Footbinding Research Paper

Topics: Manchu, Chinese culture, Foot fetishism Pages: 17 (6104 words) Published: April 23, 2015


RESEARCH PAPER

FOOTBINDING: A PAINFUL TRADITION IN CHINA

By

Liliana Melo

Composition I. I: An Introduction to Expository Writing, Course 101.5767 LaGuardia Community College, Long Island City
November 16. 2006

OUTLINE

Thesis:
Although footbinding increases a woman’s chances of marrying well, it was a violent act against women.

I. Footbinding:

A. Definition.
B. Origin and its history
C. Description and Process.
D. Myth around footbinding

II. Footbinding increased a woman’s chance of marrying well.

A. Beauty
B. Eroticism and Femininity
C. Obedience and Discipline
D. Status and Social position in Chinese society

III. Women’s position in Chinese society during 10th century of Imperial China.

A. Family.
B. Women’s work.

IV. Footbinding was a violent act against women.

A. Physical pain and its deformations.
B. Psychological and emotional pain and its relationships.
C. Footbinding thought the death

V. Conclusion.

Footbinding: A Painful Tradition in China

“Keep her barefoot and pregnant,"
- Old Chinese Saying -

During the time women have deformed, mutilated, bounded, changed, manipulated, damaged, and altered their bodies not only to survive in the society, but also to satisfy the men erotically and sexually. Thus, one of the most painful ways in which women participated in and became bound to patriarchy was the footbinding. Footbinding was a Chinese tradition of the binding the feet of women lasted for 1,000 years. Mothers bound their daughters’ feet, and footbinding evolved into a rite of passage into womanhood within the Confucian system, which valued female domesticity and textile arts. “The historical origins of footbinding are frustratingly vague, although brief textual references suggest that small feet for women were preferred as early as the Han dynasty” (Vento 1). This custom was “the act of wrapping a three- to five-year old girl's feet with binding so as to bend the toes under, break the bones and force the back of the foot together” (Vento 1). Its main purpose was to generate a tiny foot, the "golden lotus", which was three inches long and thought to be both lovely and alluring (Ping x). In fact, footbinding symbolized the Chinese nation, civilized man, and the patriarchal power; in order words, the smallness of the feet became a source of pride for the woman - she was considered unmarriageable without them- (Vento 3). In addition, footbinding was the way to introduce a young girl to the patriarchal power that would exist and dictate a woman throughout her entire life. Although footbinding increased a woman’s chances of marrying well, it was a violent act against women. In fact, footbinding was an enduring violence and pain, mutilation and self-mutilation in the name of beauty and good marriage, and was transmitted only through codes of silence that was only a masquerade (Ping xi) “Theories on the origins and purpose of footbinding are proposed, and the erotic element is strongly stressed” (Ross 327). According to the records and sources, the practice of footbinding was originated during the fifty years that elapsed between the T’ang Dynasty (618-906) and it gradually spread through the upper class during the Song Dynasty (960-1297) (Greenhalgh 7). In the early 10th century, Emperor Li Yu of the Southern Tang dynasty in China ordered his favorite dancer, Yao-niang, to bind her feet in silk ribbons and dance on a platform littered with golden lotus flowers so that her feet would look like new moons. From that day on, foot binding was often associated with the term golden lotus. In fact, the most popular and stylish type of footbinding shoes were known as "golden lotus" or "lotus shoe". Also this term is a synonym for bound feet. Most lotus shoes were beautifully embroidered and about three inches long ("lotus shoes"). The lotus shoes are known to be lovely and alluring to the male population in...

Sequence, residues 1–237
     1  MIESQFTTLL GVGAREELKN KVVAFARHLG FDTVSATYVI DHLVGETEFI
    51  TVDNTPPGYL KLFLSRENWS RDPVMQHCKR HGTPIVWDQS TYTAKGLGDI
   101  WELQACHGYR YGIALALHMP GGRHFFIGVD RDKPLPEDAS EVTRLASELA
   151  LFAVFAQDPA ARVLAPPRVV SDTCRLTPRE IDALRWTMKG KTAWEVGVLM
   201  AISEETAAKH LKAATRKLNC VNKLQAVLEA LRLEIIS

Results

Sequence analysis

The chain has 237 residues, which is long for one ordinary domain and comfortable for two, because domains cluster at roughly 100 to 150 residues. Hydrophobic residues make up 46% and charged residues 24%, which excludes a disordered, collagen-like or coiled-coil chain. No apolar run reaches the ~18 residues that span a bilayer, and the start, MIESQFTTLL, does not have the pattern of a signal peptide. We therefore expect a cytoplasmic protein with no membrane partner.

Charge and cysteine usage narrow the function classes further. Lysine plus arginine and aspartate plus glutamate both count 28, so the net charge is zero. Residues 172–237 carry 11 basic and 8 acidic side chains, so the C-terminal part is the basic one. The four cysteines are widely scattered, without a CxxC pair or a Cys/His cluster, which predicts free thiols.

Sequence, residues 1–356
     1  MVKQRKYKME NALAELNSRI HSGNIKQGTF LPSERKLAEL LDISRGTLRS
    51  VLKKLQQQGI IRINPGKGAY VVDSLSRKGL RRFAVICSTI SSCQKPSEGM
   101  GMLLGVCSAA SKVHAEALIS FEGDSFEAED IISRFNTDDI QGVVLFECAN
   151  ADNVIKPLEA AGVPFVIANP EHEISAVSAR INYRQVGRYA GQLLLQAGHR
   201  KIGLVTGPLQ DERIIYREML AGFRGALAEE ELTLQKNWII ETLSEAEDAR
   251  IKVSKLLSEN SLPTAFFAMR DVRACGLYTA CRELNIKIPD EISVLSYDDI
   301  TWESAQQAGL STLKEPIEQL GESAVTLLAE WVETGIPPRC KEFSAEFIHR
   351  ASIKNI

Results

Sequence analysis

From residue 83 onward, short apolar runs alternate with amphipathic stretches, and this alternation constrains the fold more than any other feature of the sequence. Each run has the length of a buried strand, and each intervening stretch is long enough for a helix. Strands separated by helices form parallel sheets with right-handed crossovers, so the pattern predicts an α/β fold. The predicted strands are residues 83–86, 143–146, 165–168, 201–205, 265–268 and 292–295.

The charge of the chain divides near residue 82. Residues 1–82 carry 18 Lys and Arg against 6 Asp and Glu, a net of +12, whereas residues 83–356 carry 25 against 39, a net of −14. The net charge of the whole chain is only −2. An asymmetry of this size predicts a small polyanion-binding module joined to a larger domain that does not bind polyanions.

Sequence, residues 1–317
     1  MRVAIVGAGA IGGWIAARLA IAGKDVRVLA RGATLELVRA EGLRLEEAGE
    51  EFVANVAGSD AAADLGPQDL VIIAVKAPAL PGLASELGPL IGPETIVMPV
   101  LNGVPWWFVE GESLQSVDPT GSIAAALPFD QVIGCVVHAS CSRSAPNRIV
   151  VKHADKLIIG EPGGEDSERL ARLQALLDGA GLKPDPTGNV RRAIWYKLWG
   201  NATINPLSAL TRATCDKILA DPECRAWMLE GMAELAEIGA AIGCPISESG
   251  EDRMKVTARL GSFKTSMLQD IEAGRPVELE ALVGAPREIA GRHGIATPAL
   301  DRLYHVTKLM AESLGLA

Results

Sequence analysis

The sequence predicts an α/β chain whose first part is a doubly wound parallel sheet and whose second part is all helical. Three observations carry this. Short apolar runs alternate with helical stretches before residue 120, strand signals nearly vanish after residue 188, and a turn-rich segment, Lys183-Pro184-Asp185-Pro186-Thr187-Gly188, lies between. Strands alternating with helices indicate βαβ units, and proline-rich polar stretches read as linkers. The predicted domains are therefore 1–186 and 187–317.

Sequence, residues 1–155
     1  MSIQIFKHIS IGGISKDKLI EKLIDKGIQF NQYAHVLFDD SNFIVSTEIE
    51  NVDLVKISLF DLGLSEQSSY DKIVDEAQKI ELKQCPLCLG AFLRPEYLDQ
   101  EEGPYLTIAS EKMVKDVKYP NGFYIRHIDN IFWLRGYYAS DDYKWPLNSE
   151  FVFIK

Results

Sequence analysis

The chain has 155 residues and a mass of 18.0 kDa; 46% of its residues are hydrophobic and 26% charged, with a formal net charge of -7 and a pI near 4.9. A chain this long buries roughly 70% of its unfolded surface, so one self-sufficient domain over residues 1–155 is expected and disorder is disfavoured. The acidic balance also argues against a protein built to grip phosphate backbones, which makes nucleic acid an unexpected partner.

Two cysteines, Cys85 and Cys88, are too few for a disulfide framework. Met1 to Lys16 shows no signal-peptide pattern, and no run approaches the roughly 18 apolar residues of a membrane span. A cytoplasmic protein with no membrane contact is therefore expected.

Cited: Vento, Marie. “One Thousand Years of Chinese Footbinding: Its Origins, Popularity and Demise” Women 's History Sourcebook 9 (1998): 1-9.
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